Gay: Say it again. Would you? Would you ask it again?
Tippett: Well, where could — I’m sure somebody’s asked you this. It’s like “How can you use a word like joy right now?” How can you use a word like “mercy” right now? Being a black man and doing nothing wrong and having to constantly think about what’s gonna happen when you see a policeman, for example.
Gay: I don’t know, you know; that piece remains a puzzle to me. And what’s interesting to me about that essay is that there aren’t answers. There’s a fundamental question, which is, we ought to know each other better.
Tippett: Yes, but that’s a different move. There’s no answer, but there’s a move. I mean, here’s a little piece of it: “What if we honestly assessed what we have come to believe about ourselves and each other, and how those beliefs shape our lives? And what if we did it with generosity and forgiveness? What if we did it with mercy?” And you’re talking about really hard, inexcusable things in our history and our present.
And you wrote, “The corrupt imagination might become visible. Inequalities might become visible. Violence might become visible. Terror might become visible. And the things we’ve been doing to each other, despite the fact that we don’t want to do such things to each other, might become visible. If we don’t, we will all remain phantoms — and, as it turns out, it’s hard for phantoms to care for one another, let alone love one another.”
Gay: Yeah, that’s what I was trying to say. [laughs]
Tippett: I often ask the question about — of somebody at the end of an interview — what’s making you despair today, and where are you finding hope? And I don’t want to ask you about despair. What is giving you delight, today? Is there any little thing, think of something small or large — what comes to mind?
Gay: The way these lights are working is pretty amazing, some of the reflections up there. There was someone up here who had a very precise, beautiful laugh that was … That’s kind of nice, just to be in a room with people laughing. There was a couch in the room back there, in the not quite the changing room, but it’s a very nice-looking couch, I thought. I had a nice little rest before I came over here, over at the green room, I guess they call that. Those were all delightful things.
Tippett: Have you done kettlebells today?
Gay: [laughs] I was hoping you were gonna ask. I didn’t know if that was off-limits.
Tippett: This is something we have in common. Can’t talk about it; we don’t have time. But that would be a delight. [laughs]
Gay: I did not do kettlebells today, but I will, probably, tomorrow.
Tippett: It’s all good. Will you read just from here on page 49, and just to the end of that? This is from The Book of Delights.
Gay: “Among the most beautiful things I’ve ever heard anyone say came from my student Bethany, talking about her pedagogical aspirations or ethos, how she wanted to be as a teacher, and what she wanted her classrooms to be. She said, ‘What if we joined our wildernesses together?’ Sit with that for a minute. That the body, the life, might carry a wilderness, an unexplored territory, and that yours and mine might somewhere, somehow, meet. Might, even, join.
And what if the wilderness — perhaps the densest wild in there — thickets, bogs, swamps, uncrossable ravines and rivers (have I made the metaphor clear?) — is our sorrow? Or, to use Smith’s term, the ‘intolerable.’ It astonishes me sometimes — no, often — how every person I get to know — everyone, regardless of everything, by which I mean everything — lives with some profound personal sorrow. Brother addicted. Mother murdered. Dad died in surgery. Rejected by their family. Cancer came back. Evicted. Fetus not okay. Everyone, regardless, always, of everything. Not to mention the existential sorrow we all might be afflicted with, which is that we, and what we love, will soon be annihilated. Which sounds more dramatic than it might. Let me just say dead. Is this, sorrow, of which our impending being no more might be the foundation, the great wilderness?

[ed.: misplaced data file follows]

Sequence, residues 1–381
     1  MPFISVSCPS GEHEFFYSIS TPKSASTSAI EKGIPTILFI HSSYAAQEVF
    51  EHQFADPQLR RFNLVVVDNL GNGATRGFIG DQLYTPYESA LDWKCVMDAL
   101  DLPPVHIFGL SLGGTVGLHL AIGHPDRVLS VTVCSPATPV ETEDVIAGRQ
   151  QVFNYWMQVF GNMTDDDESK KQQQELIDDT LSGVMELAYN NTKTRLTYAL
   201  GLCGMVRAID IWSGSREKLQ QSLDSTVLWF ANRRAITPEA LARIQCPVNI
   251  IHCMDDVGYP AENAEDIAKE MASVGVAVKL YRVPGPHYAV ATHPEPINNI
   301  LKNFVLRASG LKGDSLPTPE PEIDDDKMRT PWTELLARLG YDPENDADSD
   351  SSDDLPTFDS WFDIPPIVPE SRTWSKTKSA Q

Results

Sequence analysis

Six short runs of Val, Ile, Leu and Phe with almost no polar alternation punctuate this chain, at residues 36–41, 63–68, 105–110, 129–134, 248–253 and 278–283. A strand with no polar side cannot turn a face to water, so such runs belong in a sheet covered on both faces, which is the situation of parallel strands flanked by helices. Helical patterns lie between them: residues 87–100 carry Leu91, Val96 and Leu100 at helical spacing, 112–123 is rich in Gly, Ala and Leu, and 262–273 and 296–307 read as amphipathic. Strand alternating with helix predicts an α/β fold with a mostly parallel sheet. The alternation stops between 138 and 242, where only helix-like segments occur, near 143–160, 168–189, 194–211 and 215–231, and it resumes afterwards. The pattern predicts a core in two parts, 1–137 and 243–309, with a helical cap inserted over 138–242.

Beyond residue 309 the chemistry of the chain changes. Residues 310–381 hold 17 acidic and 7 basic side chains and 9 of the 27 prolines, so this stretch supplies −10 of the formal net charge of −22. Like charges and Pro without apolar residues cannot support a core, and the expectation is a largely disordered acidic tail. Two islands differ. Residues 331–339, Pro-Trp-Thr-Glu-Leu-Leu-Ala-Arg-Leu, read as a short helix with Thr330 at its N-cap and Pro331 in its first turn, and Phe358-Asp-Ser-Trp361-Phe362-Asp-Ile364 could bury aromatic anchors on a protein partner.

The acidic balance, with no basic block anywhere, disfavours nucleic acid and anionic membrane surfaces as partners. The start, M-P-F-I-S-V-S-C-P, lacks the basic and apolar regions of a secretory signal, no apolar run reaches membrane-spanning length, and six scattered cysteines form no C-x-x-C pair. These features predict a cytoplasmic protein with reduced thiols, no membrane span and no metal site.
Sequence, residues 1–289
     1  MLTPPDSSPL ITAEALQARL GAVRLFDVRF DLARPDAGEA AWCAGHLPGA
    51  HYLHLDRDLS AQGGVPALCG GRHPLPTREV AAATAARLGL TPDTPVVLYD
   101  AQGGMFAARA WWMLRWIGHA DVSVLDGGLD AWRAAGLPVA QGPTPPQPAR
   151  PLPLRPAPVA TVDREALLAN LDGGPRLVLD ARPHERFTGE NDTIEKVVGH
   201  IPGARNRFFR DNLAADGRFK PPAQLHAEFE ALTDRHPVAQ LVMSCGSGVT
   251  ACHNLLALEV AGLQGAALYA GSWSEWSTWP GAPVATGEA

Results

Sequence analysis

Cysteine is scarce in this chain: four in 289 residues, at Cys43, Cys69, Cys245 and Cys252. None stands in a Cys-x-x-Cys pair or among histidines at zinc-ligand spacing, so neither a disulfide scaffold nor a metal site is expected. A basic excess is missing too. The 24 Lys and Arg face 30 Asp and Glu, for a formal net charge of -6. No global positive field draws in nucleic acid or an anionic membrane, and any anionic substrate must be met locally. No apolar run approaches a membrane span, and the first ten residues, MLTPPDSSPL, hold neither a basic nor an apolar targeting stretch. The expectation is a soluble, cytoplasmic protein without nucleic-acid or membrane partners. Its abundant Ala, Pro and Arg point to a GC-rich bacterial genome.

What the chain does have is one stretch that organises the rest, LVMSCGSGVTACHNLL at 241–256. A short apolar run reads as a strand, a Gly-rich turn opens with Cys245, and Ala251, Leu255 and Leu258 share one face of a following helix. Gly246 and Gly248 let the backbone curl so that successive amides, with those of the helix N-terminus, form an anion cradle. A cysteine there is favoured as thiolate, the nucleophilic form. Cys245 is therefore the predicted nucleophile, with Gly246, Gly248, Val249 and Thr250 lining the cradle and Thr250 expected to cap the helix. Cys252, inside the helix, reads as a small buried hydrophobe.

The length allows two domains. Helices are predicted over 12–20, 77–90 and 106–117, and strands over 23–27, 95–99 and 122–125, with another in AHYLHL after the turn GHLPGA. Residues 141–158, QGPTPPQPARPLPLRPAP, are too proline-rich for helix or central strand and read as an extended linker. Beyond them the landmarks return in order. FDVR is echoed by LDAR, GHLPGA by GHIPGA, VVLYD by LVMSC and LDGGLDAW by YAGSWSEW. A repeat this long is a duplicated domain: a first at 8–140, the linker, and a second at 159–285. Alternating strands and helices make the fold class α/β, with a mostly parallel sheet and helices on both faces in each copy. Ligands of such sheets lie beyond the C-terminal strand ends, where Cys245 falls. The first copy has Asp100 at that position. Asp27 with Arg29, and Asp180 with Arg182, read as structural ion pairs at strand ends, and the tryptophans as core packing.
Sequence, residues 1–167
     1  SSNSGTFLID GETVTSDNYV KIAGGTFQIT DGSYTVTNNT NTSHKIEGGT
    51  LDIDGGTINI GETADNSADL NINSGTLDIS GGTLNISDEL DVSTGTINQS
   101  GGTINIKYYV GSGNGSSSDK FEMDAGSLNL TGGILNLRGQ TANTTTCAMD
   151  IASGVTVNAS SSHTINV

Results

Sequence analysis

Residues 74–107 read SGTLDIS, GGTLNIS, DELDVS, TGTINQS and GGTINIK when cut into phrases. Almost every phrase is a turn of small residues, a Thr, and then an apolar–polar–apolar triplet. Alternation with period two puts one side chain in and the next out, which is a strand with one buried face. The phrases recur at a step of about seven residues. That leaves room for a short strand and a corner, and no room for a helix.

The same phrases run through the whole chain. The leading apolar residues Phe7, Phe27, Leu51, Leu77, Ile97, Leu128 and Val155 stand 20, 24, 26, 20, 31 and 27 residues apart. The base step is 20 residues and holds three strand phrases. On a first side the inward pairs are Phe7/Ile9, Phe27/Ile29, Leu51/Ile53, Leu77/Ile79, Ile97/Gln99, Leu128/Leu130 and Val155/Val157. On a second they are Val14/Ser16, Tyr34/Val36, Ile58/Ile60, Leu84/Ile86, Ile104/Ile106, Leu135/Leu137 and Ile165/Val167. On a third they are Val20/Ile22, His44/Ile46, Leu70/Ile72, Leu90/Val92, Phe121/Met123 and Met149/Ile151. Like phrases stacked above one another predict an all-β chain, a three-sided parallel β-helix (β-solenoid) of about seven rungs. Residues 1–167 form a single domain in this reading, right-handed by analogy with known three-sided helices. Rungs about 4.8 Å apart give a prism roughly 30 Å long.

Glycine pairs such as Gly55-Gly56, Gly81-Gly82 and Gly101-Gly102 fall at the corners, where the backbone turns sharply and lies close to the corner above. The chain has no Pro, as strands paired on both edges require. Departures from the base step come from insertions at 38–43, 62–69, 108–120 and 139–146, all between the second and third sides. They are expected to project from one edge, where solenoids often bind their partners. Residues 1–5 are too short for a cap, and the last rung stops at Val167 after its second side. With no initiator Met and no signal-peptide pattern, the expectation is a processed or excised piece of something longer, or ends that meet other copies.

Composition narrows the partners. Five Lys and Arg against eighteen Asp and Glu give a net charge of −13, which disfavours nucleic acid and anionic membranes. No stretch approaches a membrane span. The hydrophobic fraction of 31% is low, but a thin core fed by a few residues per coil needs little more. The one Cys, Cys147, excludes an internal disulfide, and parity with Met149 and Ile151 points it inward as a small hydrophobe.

Is sorrow the true wild?
And if it is — and if we join them — your wild to mine — what’s that?
For joining, too, is a kind of annihilation.
What if we joined our sorrows, I’m saying.
I’m saying: What if that is joy?”
Tippett: Ross Gay, thank you.
Gay: Thank you.
[music: “I Am Brazil” by The Redneck Manifesto]
Tippett: Ross Gay lives in Bloomington, Indiana, where he’s a professor of English at Indiana University. His books include the poetry collection Catalogue of Unabashed Gratitude and a book of essays, The Book of Delights. He co-founded The Tenderness Project together with Shayla Lawson.
Staff: The On Being Project is Chris Heagle, Lily Percy, Marie Sambilay, Laurén Dørdal, Tony Liu, Erin Colasacco, Kristin Lin, Eddie Gonzalez, Lilian Vo, Lucas Johnson, Damon Lee, Suzette Burley, Zack Rose, Serri Graslie, Nicole Finn, Colleen Scheck, Christiane Wartell, Julie Siple, and Gretchen Honnold.
Tippett: Special thanks this week to Steph Opitz, Mitch Baird, Nik Tranby, Matthew Koch, and all the great people at Wordplay, the Guthrie Theater, and the Loft Literary Center.
The On Being Project is located on Dakota land. Our lovely theme music is provided and composed by Zoë Keating. And the last voice that you hear singing at the end of our show is Cameron Kinghorn.
On Being is an independent production of The On Being Project. It is distributed to public radio stations by PRX. I created this show at American Public Media.